How do you upgrade an existing Google Analytics or Universal Analytics?

When you access your Analytics account, you will see the following message:


Head over to your ‘Admin’ and then ‘Upgrade to GA4’ to get started setting up your GA4 property.

Note: this walkthrough is only suitable if your UA code has been hardcoded on your site. If you have implemented code via Google Tag Manager (GTM) you will need to create a new GTM GA4 tag and add your tracking measurement ID.


Select ‘Get Started‘ and follow each step:


(!) Error message: Can’t enable data collection using existing tags

If you use a website builder/CMS (e.g. Wix, etc) or your website is tagged with analytics.js (instead of gtag.js), the ‘Upgrade to GA4’ wizard could not reuse your existing tagging. You’ll need to add the Analytics tag yourself to begin seeing data in your new Google Analytics 4 property.


Be sure to finish your GA4 property setup by reviewing and completing the settings and features available in ‘Setup Assistant’ for more comprehensive data and measurement capabilities. These include:

  • Configure Enhanced Measurement
  • Link Google Ads
  • Setup conversions, etc.

Just to name a few!

If you have not yet added any Analytics code to your website, you will automatically be directed to the GA4 setup. Once there, you have the option to create a standalone GA4 account, or you can create a GA4 account with a Universal Analytics account simultaneously. This option may be preferred by website owners or agencies well versed with earlier web management option while still getting to grips with GA4’s new user interface and capabilities. Simpy select ‘Show advanced options’ to implement both properties.


Creating Google Analytics 4 and Universal Analytics properties

What does the GA4 interface look like, and what are the main differences?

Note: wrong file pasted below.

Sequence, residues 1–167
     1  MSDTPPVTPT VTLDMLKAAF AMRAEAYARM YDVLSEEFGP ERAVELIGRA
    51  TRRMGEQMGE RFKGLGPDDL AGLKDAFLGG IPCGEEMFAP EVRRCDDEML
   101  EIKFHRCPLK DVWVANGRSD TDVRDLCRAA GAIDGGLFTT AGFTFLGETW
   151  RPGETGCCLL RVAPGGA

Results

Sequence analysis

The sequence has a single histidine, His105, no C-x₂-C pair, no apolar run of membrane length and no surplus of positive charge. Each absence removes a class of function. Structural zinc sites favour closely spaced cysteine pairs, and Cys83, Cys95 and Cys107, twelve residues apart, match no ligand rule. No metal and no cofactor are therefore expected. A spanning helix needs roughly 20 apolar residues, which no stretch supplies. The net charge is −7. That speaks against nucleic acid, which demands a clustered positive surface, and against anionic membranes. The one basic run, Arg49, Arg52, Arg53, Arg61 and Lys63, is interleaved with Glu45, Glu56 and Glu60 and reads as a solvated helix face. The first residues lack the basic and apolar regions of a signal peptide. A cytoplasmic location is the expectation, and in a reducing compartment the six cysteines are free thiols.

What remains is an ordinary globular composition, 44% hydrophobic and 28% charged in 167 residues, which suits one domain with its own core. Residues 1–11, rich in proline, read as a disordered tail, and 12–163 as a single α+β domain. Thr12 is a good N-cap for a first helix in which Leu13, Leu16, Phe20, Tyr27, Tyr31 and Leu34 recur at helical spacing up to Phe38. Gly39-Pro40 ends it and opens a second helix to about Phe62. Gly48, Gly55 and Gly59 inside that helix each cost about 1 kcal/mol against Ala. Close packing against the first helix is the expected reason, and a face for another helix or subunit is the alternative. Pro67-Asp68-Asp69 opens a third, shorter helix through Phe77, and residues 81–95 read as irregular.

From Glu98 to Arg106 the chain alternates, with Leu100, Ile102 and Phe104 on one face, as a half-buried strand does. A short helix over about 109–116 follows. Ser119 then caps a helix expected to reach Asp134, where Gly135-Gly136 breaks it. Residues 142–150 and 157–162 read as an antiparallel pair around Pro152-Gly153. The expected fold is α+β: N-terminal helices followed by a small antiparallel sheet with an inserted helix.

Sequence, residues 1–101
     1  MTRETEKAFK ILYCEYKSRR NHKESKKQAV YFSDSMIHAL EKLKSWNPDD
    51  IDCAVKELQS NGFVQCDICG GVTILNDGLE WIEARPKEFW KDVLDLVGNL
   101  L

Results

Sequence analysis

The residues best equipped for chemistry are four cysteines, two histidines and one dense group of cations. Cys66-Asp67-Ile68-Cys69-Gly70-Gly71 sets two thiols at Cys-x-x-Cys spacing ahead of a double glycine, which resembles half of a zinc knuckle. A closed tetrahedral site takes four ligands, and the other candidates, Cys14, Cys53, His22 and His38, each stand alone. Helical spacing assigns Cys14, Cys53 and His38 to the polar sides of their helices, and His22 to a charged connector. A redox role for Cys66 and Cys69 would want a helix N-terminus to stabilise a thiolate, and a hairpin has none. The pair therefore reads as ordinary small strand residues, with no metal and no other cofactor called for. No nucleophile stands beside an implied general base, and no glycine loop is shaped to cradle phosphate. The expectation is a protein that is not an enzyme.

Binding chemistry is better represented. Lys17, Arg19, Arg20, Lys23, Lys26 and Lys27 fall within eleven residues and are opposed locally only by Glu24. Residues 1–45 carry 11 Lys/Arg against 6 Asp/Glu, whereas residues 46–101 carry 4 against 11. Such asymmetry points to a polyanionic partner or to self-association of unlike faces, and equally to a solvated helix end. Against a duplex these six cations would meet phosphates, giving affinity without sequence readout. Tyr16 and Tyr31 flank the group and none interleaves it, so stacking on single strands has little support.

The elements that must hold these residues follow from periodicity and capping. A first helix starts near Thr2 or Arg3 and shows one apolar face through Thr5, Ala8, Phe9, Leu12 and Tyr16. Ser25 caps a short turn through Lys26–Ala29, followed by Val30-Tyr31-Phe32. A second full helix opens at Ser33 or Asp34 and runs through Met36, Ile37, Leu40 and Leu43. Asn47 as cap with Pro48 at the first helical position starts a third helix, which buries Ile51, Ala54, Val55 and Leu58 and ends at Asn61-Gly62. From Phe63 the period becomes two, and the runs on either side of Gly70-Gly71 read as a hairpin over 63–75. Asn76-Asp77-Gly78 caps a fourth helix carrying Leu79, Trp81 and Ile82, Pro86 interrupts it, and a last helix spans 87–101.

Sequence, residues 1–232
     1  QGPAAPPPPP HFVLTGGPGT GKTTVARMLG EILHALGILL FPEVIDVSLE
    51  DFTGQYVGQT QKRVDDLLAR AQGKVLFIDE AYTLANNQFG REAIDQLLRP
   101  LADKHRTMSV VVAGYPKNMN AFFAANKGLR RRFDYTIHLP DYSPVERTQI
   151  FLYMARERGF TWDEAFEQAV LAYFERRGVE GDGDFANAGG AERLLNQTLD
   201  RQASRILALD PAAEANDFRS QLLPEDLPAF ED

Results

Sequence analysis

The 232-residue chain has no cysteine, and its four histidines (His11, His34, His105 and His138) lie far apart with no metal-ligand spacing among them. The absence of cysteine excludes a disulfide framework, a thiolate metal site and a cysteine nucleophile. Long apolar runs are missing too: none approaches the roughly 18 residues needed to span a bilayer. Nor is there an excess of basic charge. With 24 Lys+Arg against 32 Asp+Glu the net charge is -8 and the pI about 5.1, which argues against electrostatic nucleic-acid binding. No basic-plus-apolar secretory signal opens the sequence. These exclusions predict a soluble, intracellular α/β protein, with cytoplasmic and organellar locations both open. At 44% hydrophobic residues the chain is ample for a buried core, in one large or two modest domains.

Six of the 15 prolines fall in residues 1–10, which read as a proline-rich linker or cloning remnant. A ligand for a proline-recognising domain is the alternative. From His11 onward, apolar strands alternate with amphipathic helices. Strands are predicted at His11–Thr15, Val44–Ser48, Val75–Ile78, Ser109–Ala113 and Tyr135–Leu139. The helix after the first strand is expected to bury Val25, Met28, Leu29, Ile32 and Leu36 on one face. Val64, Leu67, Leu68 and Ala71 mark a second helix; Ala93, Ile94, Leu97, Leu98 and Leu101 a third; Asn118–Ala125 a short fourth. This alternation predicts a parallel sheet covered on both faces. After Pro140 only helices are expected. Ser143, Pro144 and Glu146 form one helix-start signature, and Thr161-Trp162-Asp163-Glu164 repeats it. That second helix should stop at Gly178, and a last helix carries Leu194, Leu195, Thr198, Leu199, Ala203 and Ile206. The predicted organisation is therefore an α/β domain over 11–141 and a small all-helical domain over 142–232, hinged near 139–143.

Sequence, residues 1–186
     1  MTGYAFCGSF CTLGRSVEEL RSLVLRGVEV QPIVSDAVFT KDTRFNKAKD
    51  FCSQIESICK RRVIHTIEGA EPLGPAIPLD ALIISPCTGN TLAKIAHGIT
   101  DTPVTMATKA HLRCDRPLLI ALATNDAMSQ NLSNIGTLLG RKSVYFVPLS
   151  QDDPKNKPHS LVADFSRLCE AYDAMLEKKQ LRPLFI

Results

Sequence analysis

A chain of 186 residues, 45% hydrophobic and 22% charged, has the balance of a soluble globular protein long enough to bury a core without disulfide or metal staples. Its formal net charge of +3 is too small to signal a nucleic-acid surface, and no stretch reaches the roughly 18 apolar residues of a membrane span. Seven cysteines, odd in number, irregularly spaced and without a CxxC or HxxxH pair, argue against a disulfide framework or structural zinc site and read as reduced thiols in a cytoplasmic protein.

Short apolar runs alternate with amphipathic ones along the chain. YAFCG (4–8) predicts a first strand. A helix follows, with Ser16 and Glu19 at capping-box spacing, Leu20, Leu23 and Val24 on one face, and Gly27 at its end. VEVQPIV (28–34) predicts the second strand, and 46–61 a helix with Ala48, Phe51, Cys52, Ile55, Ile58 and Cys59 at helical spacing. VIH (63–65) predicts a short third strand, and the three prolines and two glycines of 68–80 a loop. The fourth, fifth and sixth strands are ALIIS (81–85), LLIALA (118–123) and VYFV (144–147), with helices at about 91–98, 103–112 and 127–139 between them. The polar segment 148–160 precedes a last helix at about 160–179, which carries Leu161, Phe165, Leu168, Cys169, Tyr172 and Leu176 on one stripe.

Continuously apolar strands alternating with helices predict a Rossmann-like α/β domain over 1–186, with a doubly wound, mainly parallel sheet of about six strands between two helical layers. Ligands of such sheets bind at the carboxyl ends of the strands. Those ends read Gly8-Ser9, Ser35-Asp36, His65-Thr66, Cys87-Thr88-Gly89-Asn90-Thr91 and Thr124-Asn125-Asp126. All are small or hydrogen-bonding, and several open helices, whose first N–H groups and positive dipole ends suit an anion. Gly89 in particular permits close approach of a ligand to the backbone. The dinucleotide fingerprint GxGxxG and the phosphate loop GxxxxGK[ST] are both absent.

You’ll need to spend a bit of time to master the new Google Analytics 4 navigation, groupings and features. ‘Audience’, ‘Acquisition’, ‘Behaviour’ and ‘Conversion’ have been replaced by groupings ‘Life Cycle’, ‘User’, ‘Events’, ‘Explore’ and ‘Configure’. These are designed to prioritise where your user fits within the consumer decision journey (CDJ) and impact how you’ll explore and measure user behaviour.


Are there any downsides to the latest version of Google Analytics?

Aside from possibly feeling overwhelmed by the new user-interface and metrics, other options and reporting features may take some time to get used to. Changes have also been made to how traffic is measured, reporting and how goals are tracked. Once you upgrade, you may need to reconfigure your reporting and setup some of your goals again.


Should I get rid of the older version?

As some features are still in beta, there may be some issues and bugs yet to be encountered and patched. We recommend that if you do upgrade, maintain your existing Google Analytics or Universal Analytics. You can then see which version works best for your business while upskilling yourself with GA4 knowledge. If you are adding new Analytics code to a site then consider opting into Universal Analytics, especially if you’re used to the previous version.

With many features yet to be rolled out, keeping your existing Analytics will help you reliably measure and report on your website and/or app in the meantime.


Will previous versions of Google Analytics and Universal Analytics be sunset?

Don’t worry, the expiration date won’t be looming anytime soon! There’s no definite sunset date, but we believe that GA and UA users will have around 5 years before their versions become obsolete. Sunsetting these versions would mean that a high percentage of Analytics users would be forced to change their entire tracking implementation and data model.

Need a bit more help?

If you would like further information or guidance on Google’s new GA4, or you need help to upgrade or implement this product, then please get in touch by scheduling a free 30-minute discovery call. A member of our team will be happy to help!